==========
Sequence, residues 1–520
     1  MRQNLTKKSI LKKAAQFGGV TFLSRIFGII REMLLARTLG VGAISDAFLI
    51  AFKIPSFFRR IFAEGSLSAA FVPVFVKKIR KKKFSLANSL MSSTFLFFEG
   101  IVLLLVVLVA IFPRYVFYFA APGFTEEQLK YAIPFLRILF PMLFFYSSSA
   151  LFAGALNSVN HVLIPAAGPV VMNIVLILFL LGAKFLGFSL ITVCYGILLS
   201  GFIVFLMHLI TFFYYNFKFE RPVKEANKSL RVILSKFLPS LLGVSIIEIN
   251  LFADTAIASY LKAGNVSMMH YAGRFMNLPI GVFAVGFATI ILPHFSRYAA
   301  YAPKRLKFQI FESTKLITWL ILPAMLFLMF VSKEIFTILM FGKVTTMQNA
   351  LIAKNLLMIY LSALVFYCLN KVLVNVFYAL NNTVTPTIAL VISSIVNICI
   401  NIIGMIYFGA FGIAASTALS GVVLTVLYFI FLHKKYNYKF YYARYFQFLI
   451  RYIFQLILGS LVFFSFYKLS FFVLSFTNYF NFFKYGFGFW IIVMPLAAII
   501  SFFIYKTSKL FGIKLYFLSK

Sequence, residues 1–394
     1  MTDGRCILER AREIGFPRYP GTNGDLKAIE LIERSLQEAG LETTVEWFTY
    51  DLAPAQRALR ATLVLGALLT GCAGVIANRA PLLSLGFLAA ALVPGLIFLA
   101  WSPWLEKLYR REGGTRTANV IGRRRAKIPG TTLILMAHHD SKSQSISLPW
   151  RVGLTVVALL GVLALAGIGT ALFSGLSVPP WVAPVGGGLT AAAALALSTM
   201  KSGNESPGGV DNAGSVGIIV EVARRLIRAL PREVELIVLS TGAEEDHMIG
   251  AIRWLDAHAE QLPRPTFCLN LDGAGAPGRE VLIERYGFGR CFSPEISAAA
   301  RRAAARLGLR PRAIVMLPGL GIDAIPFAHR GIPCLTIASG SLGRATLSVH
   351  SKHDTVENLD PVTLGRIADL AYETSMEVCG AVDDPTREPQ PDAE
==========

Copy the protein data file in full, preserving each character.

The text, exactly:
Sequence, residues 1–520
     1  MRQNLTKKSI LKKAAQFGGV TFLSRIFGII REMLLARTLG VGAISDAFLI
    51  AFKIPSFFRR IFAEGSLSAA FVPVFVKKIR KKKFSLANSL MSSTFLFFEG
   101  IVLLLVVLVA IFPRYVFYFA APGFTEEQLK YAIPFLRILF PMLFFYSSSA
   151  LFAGALNSVN HVLIPAAGPV VMNIVLILFL LGAKFLGFSL ITVCYGILLS
   201  GFIVFLMHLI TFFYYNFKFE RPVKEANKSL RVILSKFLPS LLGVSIIEIN
   251  LFADTAIASY LKAGNVSMMH YAGRFMNLPI GVFAVGFATI ILPHFSRYAA
   301  YAPKRLKFQI FESTKLITWL ILPAMLFLMF VSKEIFTILM FGKVTTMQNA
   351  LIAKNLLMIY LSALVFYCLN KVLVNVFYAL NNTVTPTIAL VISSIVNICI
   401  NIIGMIYFGA FGIAASTALS GVVLTVLYFI FLHKKYNYKF YYARYFQFLI
   451  RYIFQLILGS LVFFSFYKLS FFVLSFTNYF NFFKYGFGFW IIVMPLAAII
   501  SFFIYKTSKL FGIKLYFLSK

Sequence, residues 1–394
     1  MTDGRCILER AREIGFPRYP GTNGDLKAIE LIERSLQEAG LETTVEWFTY
    51  DLAPAQRALR ATLVLGALLT GCAGVIANRA PLLSLGFLAA ALVPGLIFLA
   101  WSPWLEKLYR REGGTRTANV IGRRRAKIPG TTLILMAHHD SKSQSISLPW
   151  RVGLTVVALL GVLALAGIGT ALFSGLSVPP WVAPVGGGLT AAAALALSTM
   201  KSGNESPGGV DNAGSVGIIV EVARRLIRAL PREVELIVLS TGAEEDHMIG
   251  AIRWLDAHAE QLPRPTFCLN LDGAGAPGRE VLIERYGFGR CFSPEISAAA
   301  RRAAARLGLR PRAIVMLPGL GIDAIPFAHR GIPCLTIASG SLGRATLSVH
   351  SKHDTVENLD PVTLGRIADL AYETSMEVCG AVDDPTREPQ PDAE